"Only this court can resolve the racial divide confronting Hawaii citizens because the state Supreme Court has proven itself completely unwilling to address any issue involving the Hawaii Constitution's favoritism toward native Hawaiians as a race," their lawyers said in a brief urging the justices to take the case.
Although the justices grant few requests for review, Burgess said he is "cautiously optimistic" based on issues raised in the case.
The Supreme Court receives about 10,000 requests for review each year but grants only about 100 that result in written decisions, according to the court.
Girard Lau, head of the state attorney general's Appeals Division, said he was also "cautiously optimistic" that the justices will turn down the review.
"We think the Hawaii Supreme Court got it right and made the right decision," he said.
Former state Attorney General Mark Bennett, who defended the state while the case was before the Hawaii Supreme Court, said he hopes and expects the high court to deny the review.
"But if the Supreme Court were to … take up the issue of whether types of benefits to Native Hawaiians violated the 14th Amendment, that would be a significant decision and a matter of real concern," he said.
Congress passed the Hawaiian Homes Act in 1921. It set aside 200,000 acres that once belonged to the Hawaiian kingdom for Native Hawaiians to lease lands at a nominal fee of $1 a year. The lawmakers noted that Hawaiians were a "dying race" with only 22,300 full-blooded Hawaiians in 1919, compared with 142,000 in 1826.
As part of the Admission Act that made Hawaii a state in 1959, the state was required to include the Hawaiian Homes Act in the Hawaii Constitution.
The act exempted lessees from all taxes for seven years. The city of Honolulu and neighbor island counties extended the exemption beyond that period, charging minimum taxes ranging from $25 to $150 a year.
For Honolulu the average residential tax assessment for 2009-2010 was $1,817, compared with the lessee assessment of $100, according to the plaintiff's lawyers.
The Hawaii Supreme Court ruled that the five did not have legal standing because they failed to show they were interested in the homestead lease program and failed to show they suffered any harm. The court did not address 14th Amendment constitutional issues.
In its court papers the residents' lawyers rely heavily on the U.S. Supreme Court's 2000 ruling Rice v. Cayetano, which struck down the requirement that only voters with Hawaiian blood could cast ballots to elect Office of Hawaiian Affairs trustees. In its 7-2 decision the court held that the restriction was based on race rather than a political classification.
The court, however, based its decision on constitutional voting rights and refrained from ruling on the equal protection provisions of the 14th Amendment.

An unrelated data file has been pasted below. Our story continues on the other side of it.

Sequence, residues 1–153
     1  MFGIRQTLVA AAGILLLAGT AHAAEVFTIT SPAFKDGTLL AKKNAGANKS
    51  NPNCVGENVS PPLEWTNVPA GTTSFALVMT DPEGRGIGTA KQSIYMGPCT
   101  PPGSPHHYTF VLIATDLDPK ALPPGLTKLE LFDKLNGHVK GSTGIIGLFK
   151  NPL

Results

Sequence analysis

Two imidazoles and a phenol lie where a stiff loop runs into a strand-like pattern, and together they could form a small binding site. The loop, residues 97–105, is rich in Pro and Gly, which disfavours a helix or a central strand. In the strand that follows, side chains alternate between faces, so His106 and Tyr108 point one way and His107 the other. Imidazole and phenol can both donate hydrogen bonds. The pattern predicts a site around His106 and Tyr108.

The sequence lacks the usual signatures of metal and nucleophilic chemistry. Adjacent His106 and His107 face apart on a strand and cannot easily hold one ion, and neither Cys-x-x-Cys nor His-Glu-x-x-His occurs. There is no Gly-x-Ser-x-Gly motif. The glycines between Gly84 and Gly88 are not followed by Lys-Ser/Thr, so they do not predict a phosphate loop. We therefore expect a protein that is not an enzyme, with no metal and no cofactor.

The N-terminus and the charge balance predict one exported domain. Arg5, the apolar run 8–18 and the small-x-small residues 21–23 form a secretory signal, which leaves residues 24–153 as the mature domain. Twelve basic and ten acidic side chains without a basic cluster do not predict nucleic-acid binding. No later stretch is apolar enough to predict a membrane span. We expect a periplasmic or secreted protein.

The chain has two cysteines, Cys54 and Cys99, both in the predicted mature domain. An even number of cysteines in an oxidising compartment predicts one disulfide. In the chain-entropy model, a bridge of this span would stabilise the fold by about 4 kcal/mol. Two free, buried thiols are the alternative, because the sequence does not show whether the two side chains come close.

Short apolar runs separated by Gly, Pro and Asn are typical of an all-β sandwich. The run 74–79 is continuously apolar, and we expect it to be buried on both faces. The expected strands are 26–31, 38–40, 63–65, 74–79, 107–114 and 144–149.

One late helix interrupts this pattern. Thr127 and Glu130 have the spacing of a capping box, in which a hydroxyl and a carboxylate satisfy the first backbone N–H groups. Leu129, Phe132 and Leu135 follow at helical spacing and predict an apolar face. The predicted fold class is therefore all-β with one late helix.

In their papers to the justices, the plaintiffs' lawyers argue that the tax exemptions are based on the same impermissible racial grounds because only Native Hawaiians can hold homestead leases. They accuse the Hawaii Supreme Court of trying to "dodge" the constitutional issue.
"They wish to avoid upsetting a politically popular program, but they realize that Rice v. Cayetano forecloses any serious defense of that program on the merits," the lawyers said.
"If the racial classification at issue involved African-Americans and Caucasians, those arguments would likely have been laughed out of court," they said.
State, city and county lawyers argue that despite the "unfounded" attacks on the integrity of the Hawaii Supreme Court, the key issue is that the five failed to establish that they suffered as taxpayers.
Even if the exemptions for Hawaiian Homes lessees were declared invalid, it would be "wholly implausible" that city and county governments would allow the five and all property owners to pay the minimal rates for property taxes, a major source of revenue for the local governments, the lawyers said.
The government attorneys also point out that Hawaii justices outlined a "clear road map" for a future similar lawsuit if the challenger shows "an actual interest" in becoming a lessee.
The government lawyers urged the U.S. Supreme Court to forgo taking a case that would involve a review of Hawaii's complex history with the United States, including the seizure of Hawaiian lands and Congress' decision that the lands be held in trust for Native Hawaiians.
"It should not occur for the very first time in this court, without the benefit of any prior analysis by the state court intimately familiar with that history," they said.
MORE FROM THE STAR-ADVERTISER
Court dismisses challenge of Hawaiian Homes exemption
U.S. Supreme Court asks for brief on Hawaiian homelands case
Supreme Court seeks federal stance in case
Court rejects challenge to Hawaiian homes tax break
Recktenwald reflects on court's year
U.S. Supreme Court, order list for Monday December 12, 2011
Posted on Supreme Court website at about 5:30 AM Hawaii time
(ORDER LIST: 565 U.S.)
MONDAY, DECEMBER 12, 2011
ORDERS IN PENDING CASES
[Listed on page 1, BEFORE the short list of certiorari granted and very long list of certiorari denied]
CORBOY, JOHN M., ET AL. V. LOUIE, ATT'Y GEN. OF HI, ET AL.
The Solicitor General is invited to file a brief in this case expressing the views of the United States.